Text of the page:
With the 100th Anniversary of World War 1, Turkey will certainly be a place of pilgrimage for many an Australian in the near future. For those planning on visiting, this week’s trip report gives some clues as to what can be expected when it comes to visiting Turkeys capital city of Istanbul.
As promised many moons ago to those who generously gave advice when I sought it, better late than never eh?
However, as many posts and pics have been on Istanbul/Turkey lately, I will restrict myself to some specific pics. We stayed at Sultanahmet Palace Hotel right at the back of the Blue Mosque and discovered a place nearby called “Istanbul Walks”. We booked 2tours with them; “The Coffee Trail” and “Dining the Turkish way”.
Coffee drinking has been an activity that has taken place since the 1500’s in Turkey. While they may use the same coffee beans used the world over, it’s the way that the coffee is prepared that makes it unique amongst coffee cultures. That preparation is so unique,UNESCO have labelled it an Intangible Cultural Heritage of the Turkish people. As part of the trip report, we are treated to some beautiful pictures of the coffee preparation, as well as customers enjoying the end product. We also get to see some of the coffee drinkers taking the opportunity to smoke a Nargile (waterpipe) or two.
Istanbul is a photographer’s dream…great work
Along with preparation and consumption of coffee, the tour also covers the stores selling the base ingredient, coffee beans. This includes the descendants of the two original importers who started so long ago, apparently splitting up on arrival and setting up competing outlets. With the tour soon over, another photo opportunity and sensory experience presented itself.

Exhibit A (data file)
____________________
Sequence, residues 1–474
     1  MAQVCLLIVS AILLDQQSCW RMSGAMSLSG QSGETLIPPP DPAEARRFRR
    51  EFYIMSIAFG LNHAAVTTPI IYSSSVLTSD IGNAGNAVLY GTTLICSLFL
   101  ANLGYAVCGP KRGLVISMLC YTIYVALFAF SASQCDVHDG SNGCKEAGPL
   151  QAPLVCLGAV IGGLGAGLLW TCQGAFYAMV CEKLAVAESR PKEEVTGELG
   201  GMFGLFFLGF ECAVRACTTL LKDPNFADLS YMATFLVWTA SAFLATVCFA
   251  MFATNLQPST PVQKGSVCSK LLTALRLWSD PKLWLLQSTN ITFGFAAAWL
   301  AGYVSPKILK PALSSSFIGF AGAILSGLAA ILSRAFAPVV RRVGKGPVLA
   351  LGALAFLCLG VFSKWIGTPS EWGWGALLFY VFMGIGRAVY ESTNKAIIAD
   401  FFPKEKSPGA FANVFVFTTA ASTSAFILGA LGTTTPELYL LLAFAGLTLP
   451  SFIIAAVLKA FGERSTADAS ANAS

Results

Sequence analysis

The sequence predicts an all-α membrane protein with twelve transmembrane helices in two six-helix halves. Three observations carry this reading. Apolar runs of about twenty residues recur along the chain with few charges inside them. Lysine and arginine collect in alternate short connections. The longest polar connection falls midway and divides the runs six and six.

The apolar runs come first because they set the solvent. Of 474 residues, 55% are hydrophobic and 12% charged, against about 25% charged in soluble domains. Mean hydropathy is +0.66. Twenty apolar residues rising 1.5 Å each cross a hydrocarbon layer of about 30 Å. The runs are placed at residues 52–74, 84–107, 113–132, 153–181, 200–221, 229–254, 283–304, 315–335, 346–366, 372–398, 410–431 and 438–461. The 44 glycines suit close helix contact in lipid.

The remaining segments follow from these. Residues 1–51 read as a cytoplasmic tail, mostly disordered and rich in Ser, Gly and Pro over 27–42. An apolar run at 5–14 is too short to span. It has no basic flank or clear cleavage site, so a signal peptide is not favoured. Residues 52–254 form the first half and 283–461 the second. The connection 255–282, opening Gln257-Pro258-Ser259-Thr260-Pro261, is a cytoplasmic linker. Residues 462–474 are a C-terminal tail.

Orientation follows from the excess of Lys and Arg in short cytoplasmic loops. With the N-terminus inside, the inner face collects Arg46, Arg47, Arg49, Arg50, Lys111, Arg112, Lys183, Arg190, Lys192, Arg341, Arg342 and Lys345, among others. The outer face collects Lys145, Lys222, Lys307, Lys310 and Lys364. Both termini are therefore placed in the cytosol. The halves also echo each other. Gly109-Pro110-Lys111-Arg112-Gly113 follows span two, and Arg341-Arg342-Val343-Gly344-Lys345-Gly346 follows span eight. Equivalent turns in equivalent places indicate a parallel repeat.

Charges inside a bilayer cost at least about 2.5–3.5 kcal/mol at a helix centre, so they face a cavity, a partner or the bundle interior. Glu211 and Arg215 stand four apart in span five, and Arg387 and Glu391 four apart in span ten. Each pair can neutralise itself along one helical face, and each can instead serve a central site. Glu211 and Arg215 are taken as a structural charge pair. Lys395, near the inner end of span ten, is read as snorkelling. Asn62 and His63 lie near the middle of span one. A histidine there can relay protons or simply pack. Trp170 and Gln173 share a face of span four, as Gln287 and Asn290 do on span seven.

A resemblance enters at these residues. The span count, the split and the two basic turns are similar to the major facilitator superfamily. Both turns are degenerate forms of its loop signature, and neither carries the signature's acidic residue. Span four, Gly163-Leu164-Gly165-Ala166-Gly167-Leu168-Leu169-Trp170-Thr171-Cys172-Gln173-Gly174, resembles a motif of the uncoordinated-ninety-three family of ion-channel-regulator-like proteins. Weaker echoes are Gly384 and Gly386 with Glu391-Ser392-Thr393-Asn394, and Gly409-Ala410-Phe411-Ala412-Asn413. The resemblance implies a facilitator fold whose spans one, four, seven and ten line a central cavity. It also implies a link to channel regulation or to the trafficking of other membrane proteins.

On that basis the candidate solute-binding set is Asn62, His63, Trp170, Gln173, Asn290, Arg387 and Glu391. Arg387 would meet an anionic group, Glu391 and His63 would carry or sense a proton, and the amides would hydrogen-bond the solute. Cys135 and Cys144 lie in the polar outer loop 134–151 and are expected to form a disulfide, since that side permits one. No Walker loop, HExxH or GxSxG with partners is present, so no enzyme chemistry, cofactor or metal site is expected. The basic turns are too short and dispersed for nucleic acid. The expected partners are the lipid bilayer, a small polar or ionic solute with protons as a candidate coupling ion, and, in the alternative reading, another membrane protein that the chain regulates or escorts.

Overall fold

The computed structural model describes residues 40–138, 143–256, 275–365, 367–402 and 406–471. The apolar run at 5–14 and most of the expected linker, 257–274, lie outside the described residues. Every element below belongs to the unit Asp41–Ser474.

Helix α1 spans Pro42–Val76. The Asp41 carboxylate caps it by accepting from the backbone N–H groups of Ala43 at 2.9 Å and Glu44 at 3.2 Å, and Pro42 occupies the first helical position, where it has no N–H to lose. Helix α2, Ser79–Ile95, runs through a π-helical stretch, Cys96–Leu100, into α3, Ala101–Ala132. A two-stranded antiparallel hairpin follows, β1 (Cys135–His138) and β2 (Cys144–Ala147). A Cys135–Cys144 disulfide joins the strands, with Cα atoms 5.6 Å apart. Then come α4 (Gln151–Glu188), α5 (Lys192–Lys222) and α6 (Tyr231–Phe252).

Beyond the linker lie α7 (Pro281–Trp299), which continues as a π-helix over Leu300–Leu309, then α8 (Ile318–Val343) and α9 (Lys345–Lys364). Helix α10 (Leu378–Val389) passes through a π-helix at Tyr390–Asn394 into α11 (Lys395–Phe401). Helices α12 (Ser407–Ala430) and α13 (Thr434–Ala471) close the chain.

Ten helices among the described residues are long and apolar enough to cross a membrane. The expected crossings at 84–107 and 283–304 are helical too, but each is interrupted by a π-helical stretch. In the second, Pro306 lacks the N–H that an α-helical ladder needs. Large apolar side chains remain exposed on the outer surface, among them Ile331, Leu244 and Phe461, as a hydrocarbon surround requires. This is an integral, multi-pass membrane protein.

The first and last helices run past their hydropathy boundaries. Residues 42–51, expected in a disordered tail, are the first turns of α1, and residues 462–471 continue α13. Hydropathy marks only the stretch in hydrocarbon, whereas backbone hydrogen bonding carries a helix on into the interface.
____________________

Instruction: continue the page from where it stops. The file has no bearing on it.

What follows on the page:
As we were by The Spice Market after The Coffee Trail (which took about 3 hrs), we went inside to browse around.
The Spice Souks (markets) in many foreign destinations can often offer excellent photo opportunities full of vibrant colours and Istanbul is no exception. Taking the opportunity to walk through such a market will soon have you understanding why spices were the driver of world trade a few hundred years ago. And why explorers set out onto unchartered waters to find new undiscovered sources.
Of course there is much more to do in Istanbul than just soak up the coffee and spice aromas. Whether you take an organised tour to catch all the good stuff or just prefer to explore on your own, head over to the report to enjoy some of the culinary delights on offer in pictorial form, or perhaps add a bit of your own experience for others to benefit from. Follow the discussion HERE.